Out of the Clouds
January 17, 2024, Anne V Muhlethaler

S4:E01 Sridevi Kalidindi

on proactive mental health care, investing in employee wellbeing and finding joy within oneself

KLIP Global Founder Sri Kalidindi on the Out of the Clouds podcast with Anne Muhlethaler

In this episode of Out of the Clouds, Sridevi Kalidindi CBE, or Sri, an experienced, multi-award winning, senior Consultant Psychiatrist and Leadership/Executive Coach, discusses her journey in the field of psychiatry and the importance of proactive mental health care. She tells host Anne Mühlethaler how she learned to become an advocate for the patients and communities she works for, emphasising the need for storytelling and narrative in communication. The two go on to discuss the impact of stress and burnout on mental health professionals in particular, as well as their own personal experiences of burnout. Sri shares how she became more conscious and proactive about her own wellbeing via the support of a coach.

Sri also tells Anne how she came to develop Klip Global, a startup she founded with the goal of focusing on key life indicators to monitor workforce wellbeing through coaching, masterclasses and mindfulness practices to promote proactive employee support in the workplace. 

Sri explains how she built the startup to allow individuals to track their own progress, as well asr for chief people officers to be able to monitor the general wellbeing of their teams. Sri tells Anne about how wellbeing can be pitched to businesses, emphasising the positive impact on employee engagement, productivity and retention.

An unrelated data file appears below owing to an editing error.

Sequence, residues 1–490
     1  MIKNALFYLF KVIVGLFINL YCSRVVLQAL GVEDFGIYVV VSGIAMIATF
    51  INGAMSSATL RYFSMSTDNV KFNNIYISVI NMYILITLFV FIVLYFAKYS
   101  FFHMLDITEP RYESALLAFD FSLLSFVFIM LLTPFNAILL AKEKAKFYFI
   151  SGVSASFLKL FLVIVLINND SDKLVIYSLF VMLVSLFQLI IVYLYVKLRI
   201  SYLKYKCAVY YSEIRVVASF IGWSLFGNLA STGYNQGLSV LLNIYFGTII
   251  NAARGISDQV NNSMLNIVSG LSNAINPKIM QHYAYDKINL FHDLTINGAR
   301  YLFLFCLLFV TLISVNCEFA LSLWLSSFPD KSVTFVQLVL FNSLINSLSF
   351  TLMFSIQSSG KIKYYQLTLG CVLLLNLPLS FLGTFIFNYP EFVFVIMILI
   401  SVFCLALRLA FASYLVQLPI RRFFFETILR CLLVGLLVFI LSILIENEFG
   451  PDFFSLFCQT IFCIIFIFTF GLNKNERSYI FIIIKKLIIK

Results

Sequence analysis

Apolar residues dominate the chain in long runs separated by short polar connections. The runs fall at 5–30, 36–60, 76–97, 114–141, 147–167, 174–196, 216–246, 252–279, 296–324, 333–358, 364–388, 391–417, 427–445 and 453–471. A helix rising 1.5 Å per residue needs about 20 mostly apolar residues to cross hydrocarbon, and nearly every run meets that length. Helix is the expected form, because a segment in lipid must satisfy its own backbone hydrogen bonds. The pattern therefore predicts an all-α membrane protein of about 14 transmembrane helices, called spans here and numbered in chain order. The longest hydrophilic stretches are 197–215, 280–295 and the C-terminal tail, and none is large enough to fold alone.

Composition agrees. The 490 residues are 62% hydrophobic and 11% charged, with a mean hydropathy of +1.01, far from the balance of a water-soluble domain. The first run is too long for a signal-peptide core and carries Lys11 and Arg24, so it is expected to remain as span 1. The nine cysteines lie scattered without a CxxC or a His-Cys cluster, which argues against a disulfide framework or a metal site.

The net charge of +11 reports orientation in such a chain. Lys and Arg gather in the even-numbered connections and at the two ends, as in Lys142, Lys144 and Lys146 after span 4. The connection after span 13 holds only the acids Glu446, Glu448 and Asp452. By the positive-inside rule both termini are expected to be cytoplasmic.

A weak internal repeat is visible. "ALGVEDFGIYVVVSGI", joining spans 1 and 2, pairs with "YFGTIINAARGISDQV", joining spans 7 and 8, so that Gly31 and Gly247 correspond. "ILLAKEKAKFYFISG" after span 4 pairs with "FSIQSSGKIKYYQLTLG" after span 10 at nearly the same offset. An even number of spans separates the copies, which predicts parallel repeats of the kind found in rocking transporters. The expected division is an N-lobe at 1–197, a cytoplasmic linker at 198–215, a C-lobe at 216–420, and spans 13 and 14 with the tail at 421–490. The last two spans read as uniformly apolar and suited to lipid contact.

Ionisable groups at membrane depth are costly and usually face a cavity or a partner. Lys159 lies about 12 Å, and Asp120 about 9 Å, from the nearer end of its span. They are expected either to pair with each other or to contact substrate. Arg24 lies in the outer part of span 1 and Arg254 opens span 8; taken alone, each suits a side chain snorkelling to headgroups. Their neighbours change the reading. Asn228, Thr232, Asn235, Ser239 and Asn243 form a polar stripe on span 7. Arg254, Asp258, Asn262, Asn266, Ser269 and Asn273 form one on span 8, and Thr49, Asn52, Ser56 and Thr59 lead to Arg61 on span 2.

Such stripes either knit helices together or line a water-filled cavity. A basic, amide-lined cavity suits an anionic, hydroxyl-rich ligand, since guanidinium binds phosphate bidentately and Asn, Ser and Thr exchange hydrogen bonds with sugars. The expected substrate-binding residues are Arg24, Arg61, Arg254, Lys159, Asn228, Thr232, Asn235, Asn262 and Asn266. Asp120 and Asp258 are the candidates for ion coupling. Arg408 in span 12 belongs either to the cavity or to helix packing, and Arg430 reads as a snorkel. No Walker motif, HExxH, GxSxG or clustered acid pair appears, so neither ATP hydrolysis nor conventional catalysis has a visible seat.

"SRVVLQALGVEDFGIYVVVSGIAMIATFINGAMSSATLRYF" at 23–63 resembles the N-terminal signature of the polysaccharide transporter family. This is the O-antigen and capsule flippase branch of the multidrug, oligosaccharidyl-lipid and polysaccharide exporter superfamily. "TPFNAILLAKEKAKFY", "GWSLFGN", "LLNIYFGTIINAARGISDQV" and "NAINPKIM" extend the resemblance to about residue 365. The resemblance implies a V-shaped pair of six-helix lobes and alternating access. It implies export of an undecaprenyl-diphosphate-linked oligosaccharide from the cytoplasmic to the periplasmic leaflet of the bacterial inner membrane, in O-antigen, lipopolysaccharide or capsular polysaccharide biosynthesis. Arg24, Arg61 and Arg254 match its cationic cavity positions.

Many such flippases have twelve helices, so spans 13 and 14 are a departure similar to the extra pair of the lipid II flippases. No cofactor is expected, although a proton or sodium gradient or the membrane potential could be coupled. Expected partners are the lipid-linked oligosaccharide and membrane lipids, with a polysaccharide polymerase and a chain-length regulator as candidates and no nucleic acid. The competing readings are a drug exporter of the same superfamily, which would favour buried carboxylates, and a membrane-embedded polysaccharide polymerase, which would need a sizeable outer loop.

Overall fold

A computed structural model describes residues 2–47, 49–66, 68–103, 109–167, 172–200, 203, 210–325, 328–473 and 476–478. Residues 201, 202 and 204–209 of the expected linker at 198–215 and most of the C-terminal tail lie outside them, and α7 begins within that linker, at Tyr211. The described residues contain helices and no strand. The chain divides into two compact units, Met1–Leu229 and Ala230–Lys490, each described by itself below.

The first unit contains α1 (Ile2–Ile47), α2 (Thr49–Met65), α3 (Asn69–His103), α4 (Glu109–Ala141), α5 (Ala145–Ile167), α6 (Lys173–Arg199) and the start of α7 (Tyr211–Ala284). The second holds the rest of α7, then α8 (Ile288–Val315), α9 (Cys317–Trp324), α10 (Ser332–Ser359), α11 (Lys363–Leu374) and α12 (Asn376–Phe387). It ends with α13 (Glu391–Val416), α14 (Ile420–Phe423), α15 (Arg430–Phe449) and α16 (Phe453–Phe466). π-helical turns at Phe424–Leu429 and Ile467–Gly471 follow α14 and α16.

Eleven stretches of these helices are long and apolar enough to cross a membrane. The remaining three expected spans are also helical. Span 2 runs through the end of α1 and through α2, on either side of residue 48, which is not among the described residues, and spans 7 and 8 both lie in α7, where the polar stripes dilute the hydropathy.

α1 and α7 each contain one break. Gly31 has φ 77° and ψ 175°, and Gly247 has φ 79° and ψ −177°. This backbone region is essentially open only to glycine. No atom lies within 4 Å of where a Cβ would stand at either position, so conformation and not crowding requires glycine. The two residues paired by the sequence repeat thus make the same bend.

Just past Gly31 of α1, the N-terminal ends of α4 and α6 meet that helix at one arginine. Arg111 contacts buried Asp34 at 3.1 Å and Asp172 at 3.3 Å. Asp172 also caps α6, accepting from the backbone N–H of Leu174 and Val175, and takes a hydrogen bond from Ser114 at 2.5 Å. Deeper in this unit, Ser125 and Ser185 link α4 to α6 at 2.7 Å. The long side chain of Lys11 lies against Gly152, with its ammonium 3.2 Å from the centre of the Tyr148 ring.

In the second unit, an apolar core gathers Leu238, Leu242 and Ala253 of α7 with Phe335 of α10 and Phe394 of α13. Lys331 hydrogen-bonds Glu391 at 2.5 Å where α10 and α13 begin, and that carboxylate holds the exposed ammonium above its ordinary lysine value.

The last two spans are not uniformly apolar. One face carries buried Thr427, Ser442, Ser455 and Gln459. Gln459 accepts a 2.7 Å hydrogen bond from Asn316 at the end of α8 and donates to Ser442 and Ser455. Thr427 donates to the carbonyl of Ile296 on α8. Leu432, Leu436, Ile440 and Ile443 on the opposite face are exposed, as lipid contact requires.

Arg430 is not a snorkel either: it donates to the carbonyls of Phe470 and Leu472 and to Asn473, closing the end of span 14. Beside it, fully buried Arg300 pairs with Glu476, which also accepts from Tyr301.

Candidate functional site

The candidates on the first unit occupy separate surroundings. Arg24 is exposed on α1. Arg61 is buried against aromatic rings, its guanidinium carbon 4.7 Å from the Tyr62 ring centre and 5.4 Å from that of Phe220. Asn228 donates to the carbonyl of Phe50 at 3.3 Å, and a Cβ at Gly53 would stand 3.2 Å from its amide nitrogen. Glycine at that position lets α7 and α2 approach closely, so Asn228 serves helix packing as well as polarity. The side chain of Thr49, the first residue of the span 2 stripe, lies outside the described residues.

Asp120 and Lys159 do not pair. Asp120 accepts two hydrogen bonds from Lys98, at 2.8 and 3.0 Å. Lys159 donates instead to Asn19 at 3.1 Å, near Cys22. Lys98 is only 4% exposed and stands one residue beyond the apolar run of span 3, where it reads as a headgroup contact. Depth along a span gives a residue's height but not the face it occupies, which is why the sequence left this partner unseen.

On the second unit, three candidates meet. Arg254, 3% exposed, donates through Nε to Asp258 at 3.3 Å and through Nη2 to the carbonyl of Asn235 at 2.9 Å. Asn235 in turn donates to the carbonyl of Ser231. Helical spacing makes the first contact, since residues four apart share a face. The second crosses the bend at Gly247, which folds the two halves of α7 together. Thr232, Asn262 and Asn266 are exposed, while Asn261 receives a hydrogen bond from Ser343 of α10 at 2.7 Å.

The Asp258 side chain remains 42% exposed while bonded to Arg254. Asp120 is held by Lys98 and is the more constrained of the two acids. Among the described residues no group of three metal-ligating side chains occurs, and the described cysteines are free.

Always interested in scientific data, Sri highlights the importance of case studies and leaning on evidence-based tools to demonstrate the return on investment in wellbeing programs. Sri also discusses her role as a National Clinical Lead for mental health rehabilitation in NHS England and the positive impact of her work in improving rehabilitation services across the country. 

Anne asks Sri to talk about her personal meditation practice, and she goes on to speak about the power of finding joy within oneself. Their conversation concludes with Sri sharing her favourite word, the importance of connection and what brings her happiness.

A profound and insightful interview. Happy listening! 


  • Burnout is a significant issue in the workplace, and organizations need to take a proactive approach to prevent it.
  • Coaching can be a powerful tool for personal and professional development, helping individuals unlock their potential and improve their well-being.
  • Investing in employee well-being has numerous benefits, including increased productivity, reduced absenteeism, and improved employee engagement.
  • Data analytics can provide valuable insights into employee well-being and help organizations identify areas for improvement.
  • Practices like meditation, breathwork, and affirmations can help individuals ground themselves and manage stress. Investment in community rehab teams has been a positive development after decades of no investment.
  • Recognition and honors can help raise the profile of important work and acknowledge the support of others.
  • Connection is crucial for personal well-being and living fulfilling lives.
  • Enjoying the journey and finding joy in life brings happiness.
  • Clip Global can be contacted via email at hello@clipglobal.com or through their website.


00:00 Introduction

03:03 Sri Devi’s Story

08:33 Early Desire to Help Others

13:17 Becoming a Psychiatrist

18:34 Challenges of Being a Psychiatrist

19:03 The Rise of Burnout

20:30 Managing Stress and Burnout

24:28 Introduction to Clip Global

26:48 Preventative Approach to Well-being

32:58 The Power of Coaching

36:25 Building Clip Global

42:25 Pitching Well-being to Businesses

45:21 Clip Global and Data Analytics

46:45 Practices for Grounding and Stabilizing

50:01 Personal Meditation Practice

52:23 Role at NHS England

53:50 Investment in Community Rehab Teams

54:47 Recognition and Honors